Booshway
Picture of MountainRanger
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Lots of cedar in this part of the country and I like to add some bark to my flint and steel kit (done up exactly as Hanshi suggested)


Sua Sponte
 
Posts: 460 | Location: SW Virginia (New River Valley) | Registered: 13 August 2014Reply With QuoteReport This Post
Booshway
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I tried my hand at charring punk wood this weekend. It works great! I found some logs in my wood pile that had degraded to the "spongy texture" of punk wood. I broke it up and charred it in the grill in a steel paint can. It caught the spark just as easily as char cloth. You do have to hold it opposite of char cloth. I put it in a tender box and held the steel striker just over the tender. I struck the steel with the flint showering sparks down rather than striking flint with steel to shower sparks up onto char cloth. Give a try.
 
Posts: 512 | Location: SC | Registered: 03 May 2009Reply With QuoteReport This Post
Booshway
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quote:
Southern Red Ceder

There sure must be a lot of different kinds of woods called cedar.
Around my in the Arkansas Ozarks we have a lot of eastern red cedar and juniper. I'm told they are different but, except for the juniper growing like a bush and the tree like a well....tree, the woods appear identical. Western cedar is another thing altogether. But, I have never before heard of "southern red cedar". Wats it like?
 
Posts: 1463 | Location: Mountain Home, Arkansas | Registered: 08 October 2008Reply With QuoteReport This Post
Greenhorn
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quote:
Originally posted by Idaho Mountainneer:
Here's an interesting article on making char.
Haven't tried it my self.
http://www.rockymountainoutfit...es/char-without-can/

This is an interesting article. Thank you for posting the link to it.
 
Posts: 32 | Location: Southern Minnesota | Registered: 24 May 2015Reply With QuoteReport This Post
Booshway
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Mountaineer,I followed your link about making char.Some very good ideas there...I've got a cottonwood stump that has gone to punk...Hmm.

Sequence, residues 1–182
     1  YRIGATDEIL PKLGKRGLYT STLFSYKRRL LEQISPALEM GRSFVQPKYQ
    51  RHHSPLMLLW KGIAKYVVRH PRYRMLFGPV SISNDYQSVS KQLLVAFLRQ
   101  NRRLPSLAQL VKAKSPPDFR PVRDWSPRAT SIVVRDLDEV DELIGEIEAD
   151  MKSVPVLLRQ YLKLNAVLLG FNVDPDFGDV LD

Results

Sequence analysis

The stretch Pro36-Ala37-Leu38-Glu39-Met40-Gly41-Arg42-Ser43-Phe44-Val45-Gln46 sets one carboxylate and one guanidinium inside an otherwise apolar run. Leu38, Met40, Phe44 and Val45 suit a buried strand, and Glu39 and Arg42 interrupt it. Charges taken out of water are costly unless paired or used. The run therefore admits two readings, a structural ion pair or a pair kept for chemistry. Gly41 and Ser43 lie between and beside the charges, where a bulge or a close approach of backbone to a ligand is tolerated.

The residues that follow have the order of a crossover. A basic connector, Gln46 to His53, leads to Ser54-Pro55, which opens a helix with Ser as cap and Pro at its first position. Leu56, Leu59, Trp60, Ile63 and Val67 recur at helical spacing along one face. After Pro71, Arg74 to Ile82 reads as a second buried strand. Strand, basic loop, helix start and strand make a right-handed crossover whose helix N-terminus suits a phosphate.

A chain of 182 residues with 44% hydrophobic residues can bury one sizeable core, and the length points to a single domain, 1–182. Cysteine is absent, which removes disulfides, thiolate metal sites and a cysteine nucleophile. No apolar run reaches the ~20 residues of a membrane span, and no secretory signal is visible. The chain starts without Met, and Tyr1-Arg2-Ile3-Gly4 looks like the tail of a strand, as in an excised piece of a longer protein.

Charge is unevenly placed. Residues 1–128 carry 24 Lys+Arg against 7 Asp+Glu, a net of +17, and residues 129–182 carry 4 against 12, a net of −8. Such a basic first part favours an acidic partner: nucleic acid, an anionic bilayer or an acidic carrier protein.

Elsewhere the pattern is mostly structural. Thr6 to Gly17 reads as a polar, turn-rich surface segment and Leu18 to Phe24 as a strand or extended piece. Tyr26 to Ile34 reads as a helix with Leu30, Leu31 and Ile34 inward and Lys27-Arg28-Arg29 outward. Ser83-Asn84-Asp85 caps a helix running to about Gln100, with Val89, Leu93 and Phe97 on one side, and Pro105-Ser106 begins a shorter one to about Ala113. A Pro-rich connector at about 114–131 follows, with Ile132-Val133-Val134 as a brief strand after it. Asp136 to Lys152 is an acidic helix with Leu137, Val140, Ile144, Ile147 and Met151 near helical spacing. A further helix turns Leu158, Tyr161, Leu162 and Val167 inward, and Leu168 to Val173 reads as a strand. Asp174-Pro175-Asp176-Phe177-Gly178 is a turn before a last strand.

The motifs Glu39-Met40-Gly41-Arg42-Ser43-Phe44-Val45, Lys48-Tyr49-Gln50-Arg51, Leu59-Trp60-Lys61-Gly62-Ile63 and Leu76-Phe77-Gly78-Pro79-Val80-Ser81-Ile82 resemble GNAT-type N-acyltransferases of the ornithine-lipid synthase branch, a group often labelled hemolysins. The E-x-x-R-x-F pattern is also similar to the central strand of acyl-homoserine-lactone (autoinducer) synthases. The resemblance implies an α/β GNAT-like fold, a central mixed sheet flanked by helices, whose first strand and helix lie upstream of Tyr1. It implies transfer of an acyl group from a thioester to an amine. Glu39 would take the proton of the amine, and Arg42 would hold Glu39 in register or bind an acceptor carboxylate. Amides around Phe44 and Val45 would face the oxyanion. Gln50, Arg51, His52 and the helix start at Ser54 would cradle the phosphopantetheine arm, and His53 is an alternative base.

Beer is proof that God loves us,and wants us to be happy-B. Franklin
 
Posts: 1621 | Location: Oreegun Territory | Registered: 24 March 2013Reply With QuoteReport This Post
Factor
Picture of Hanshi
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Rifleman, I can't think of a definitive way to describe it but I'll try. Bark is very scaly/ papery. The wood has a lot of red in it and makes beautiful furniture. Small blocks of the wood are often put in drawers with clothes to discourage moths. The shavings are good for terrariums, doggie beds and other uses for better smell. The "bark" makes fine tinder. I grew up around it in Ga and it's also here in Va. Others may offer more descriptives.


*Young guys should hang out with old guys; old guys know stuff.*
 
Posts: 3184 | Location: Virginia (by way of Georgia) | Registered: 26 January 2009Reply With QuoteReport This Post
Factor
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I always preferred wild grapevine myself, or old dry wild rose. Wild grapevine is a vine hanging from a tree with a loose bark that appears to be peeling away in small pieces. Easy to peel, but BEWARE it will be hanging FREE of the trunk of the three. Wink

IF it's covered in what looks like fine tendrils grasping the trunk of the tree, and clings to that tree trunk as it goes upward, THAT is POISON IVY and leave it alone. Eeker

LD


It's not what you know, it's what you can prove
 
Posts: 3713 | Location: People's Republic of Maryland | Registered: 10 November 2004Reply With QuoteReport This Post